Martin Luther King Jr. Health Equity Symposium 2019 Recap

By Dominique Alexis

This year we celebrated Dr. Martin Luther King Jr.'s 90th birthday and on January 23, 2019, marked the fifth anniversary of the Office of Inclusion and Diversity's Martin Luther King Jr. Health Equity Symposium. This year's keynote speaker Jonathan Woodson, MD, who leads Boston University's University-wide Institute for Health System Innovation and Policy gave a compelling talk entitled "My Soul Looks Back; Lest we Forget (What the Evolution of MLK Teaches about Solving America's Problem's Today)." The symposium opened with remarks by Dr. PJ Brennan, Chief Medical Officer and Senior Vice President of the University of Pennsylvania Health System (UPHS), who reminded us just how much work remains to be done and the initiatives Penn Medicine is taking to address inequities and access for all. Vice Dean for Inclusion and Diversity, Eve J. Higginbotham, SM, MD followed, where she provided the framework and set the stage for this year's theme: Achieving Population Health Through Health Equity followed by a formal introduction of Dr. Woodson. 

Dr. Woodson's keynote address began with discussing the turbulent times of the 1960s and his personal connections. He follows up with an explanation of his talk title and the origin of "My Soul Looks Back; Lest We Forget." He goes on to enlighten us on why the teachings of Dr. King are still so relevant today. Dr. Woodson then dived into social determinants of health and references the famed quote by Dr. King "Injustice in healthcare is the most shocking and most inhumane inequality of all," as health is dependent upon social equity and economic opportunity. The various studies he went on to mention reaffirms just how important it is to address these inequities among particular groups. Later, Dr. Woodson, also former Assistant Secretary of Defense for Health Affairs in the United States Department of Defense (DoD) from 2010-2016, discusses disparities among military and minority populations and the "need for a greater emphasis on social equity and a broader commitment from all segments of society and government." He highlighted many studies in which full access and equality resulted in little to no disparity among groups.

As the keynote came to a close, Dr. Woodson stated that "Dr. King provides us with a gold standard against which to evaluate any fight for social justice." He goes on to note that we should be focusing on not what happens to us if we help disenfranchised populations but, what will happen to them if we don't.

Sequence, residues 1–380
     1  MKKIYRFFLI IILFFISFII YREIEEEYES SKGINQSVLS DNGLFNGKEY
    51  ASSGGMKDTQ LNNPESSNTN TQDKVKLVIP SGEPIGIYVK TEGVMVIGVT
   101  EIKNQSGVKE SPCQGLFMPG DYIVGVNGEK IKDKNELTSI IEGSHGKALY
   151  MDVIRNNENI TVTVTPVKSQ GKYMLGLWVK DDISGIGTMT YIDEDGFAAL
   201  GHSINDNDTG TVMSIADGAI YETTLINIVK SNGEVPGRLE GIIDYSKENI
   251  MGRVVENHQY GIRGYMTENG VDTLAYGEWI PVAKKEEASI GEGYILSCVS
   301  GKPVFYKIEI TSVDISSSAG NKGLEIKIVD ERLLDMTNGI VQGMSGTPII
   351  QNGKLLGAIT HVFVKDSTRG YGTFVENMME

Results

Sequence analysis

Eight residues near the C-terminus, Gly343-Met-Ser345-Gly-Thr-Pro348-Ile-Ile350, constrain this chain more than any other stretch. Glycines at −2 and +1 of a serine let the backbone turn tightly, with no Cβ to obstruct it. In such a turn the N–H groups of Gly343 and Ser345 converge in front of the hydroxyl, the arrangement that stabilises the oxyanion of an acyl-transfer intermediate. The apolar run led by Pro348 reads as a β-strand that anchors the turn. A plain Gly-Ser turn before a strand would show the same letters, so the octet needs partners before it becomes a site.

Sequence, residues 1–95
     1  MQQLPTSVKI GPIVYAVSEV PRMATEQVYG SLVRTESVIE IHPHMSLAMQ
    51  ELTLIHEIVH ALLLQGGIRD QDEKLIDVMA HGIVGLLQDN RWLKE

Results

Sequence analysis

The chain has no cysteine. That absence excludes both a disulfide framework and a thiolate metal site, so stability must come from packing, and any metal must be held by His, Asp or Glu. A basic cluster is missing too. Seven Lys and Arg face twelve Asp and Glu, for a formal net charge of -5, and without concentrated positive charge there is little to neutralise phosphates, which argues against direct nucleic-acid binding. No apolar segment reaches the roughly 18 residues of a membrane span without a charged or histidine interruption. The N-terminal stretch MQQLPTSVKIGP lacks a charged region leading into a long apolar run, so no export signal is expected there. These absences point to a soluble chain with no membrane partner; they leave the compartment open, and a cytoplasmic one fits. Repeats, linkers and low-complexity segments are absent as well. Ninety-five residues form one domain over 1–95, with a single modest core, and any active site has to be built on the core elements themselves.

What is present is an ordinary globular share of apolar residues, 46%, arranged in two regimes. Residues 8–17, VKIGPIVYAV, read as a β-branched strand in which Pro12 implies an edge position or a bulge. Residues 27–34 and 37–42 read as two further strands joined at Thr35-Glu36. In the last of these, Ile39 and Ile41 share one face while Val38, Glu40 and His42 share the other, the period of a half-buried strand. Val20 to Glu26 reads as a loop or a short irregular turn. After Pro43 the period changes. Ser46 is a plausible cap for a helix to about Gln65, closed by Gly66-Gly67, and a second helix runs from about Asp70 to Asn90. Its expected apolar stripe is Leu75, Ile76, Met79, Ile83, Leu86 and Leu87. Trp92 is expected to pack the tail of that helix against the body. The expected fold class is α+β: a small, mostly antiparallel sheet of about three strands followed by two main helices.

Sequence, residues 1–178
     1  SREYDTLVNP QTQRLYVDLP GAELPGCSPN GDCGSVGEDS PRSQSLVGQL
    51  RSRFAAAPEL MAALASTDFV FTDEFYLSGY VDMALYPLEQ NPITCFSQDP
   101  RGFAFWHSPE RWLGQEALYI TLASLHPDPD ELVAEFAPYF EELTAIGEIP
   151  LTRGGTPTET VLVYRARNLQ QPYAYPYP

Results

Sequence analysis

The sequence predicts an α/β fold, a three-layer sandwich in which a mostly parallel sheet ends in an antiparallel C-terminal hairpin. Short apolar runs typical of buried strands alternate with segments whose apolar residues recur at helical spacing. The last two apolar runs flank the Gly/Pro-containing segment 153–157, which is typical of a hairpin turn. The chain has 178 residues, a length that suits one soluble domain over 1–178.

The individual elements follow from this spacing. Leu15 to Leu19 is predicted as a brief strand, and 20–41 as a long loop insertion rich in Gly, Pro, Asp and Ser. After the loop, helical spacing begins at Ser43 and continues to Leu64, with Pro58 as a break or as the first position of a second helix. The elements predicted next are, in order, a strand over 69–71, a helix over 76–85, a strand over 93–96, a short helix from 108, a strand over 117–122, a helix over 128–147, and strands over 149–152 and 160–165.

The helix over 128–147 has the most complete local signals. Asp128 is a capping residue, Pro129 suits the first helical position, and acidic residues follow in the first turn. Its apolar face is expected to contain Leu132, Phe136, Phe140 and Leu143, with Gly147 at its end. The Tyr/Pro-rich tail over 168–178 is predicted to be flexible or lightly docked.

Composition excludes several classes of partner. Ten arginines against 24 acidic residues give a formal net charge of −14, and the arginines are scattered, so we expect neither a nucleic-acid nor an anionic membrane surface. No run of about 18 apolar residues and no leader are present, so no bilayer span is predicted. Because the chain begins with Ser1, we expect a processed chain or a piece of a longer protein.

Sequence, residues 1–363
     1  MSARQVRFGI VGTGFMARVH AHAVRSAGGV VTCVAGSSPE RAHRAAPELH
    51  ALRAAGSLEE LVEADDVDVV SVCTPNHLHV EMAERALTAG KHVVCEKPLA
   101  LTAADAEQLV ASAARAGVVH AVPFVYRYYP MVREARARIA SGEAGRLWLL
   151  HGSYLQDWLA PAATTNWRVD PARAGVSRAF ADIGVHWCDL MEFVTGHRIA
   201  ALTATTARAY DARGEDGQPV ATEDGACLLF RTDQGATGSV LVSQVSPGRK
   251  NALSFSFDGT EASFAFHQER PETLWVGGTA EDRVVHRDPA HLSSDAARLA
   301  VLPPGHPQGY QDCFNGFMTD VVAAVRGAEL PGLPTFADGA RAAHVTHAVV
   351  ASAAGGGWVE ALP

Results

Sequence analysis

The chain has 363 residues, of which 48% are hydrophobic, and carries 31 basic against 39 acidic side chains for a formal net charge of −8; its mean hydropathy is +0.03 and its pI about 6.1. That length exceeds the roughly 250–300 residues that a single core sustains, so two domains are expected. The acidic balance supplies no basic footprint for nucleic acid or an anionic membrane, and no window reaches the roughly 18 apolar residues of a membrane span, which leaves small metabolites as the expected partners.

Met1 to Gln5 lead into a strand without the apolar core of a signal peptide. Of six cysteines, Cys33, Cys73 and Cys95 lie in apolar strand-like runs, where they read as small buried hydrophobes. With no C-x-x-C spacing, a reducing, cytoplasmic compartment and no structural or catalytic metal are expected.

After a rich Q&A session with Dr. Woodson, a Penn faculty panel, moderated by Dr. Jaya Aysola, Assistant Dean for Inclusion and Diversity began. Roy Wade Jr., MD, PhD, MPH, MSHP discussed the two-generation impact of childhood trauma and possible ways to decrease disparities caused by them. Therese Richmond, PhD, CRNP, FAAN noted the impact of violence among African-American males, discussing the need for improving recovery from serious injury by addressing the interaction between physical injury and its psychological repercussions. Finally, Krisda Chaiyachati, MD, MPH, MSPH presented a known challenge for patients in underserved communities: transportation. His research revealed that transportation services for patients did not solve the issue of patient's making their primary care appointments and there are other factors that are involved. He discussed telemedicine as a potential way to improve healthcare access for low-income patients.  

We'd like to thank our keynote speaker, Dr. Woodson and our panelists for their presentations, the audience for participating in a thought-provoking dialogue. Thank you to everyone that attended and livestreamed the 5th annual symposium! Who would you like to see speak at next year's MLK Symposium? Send your suggestions to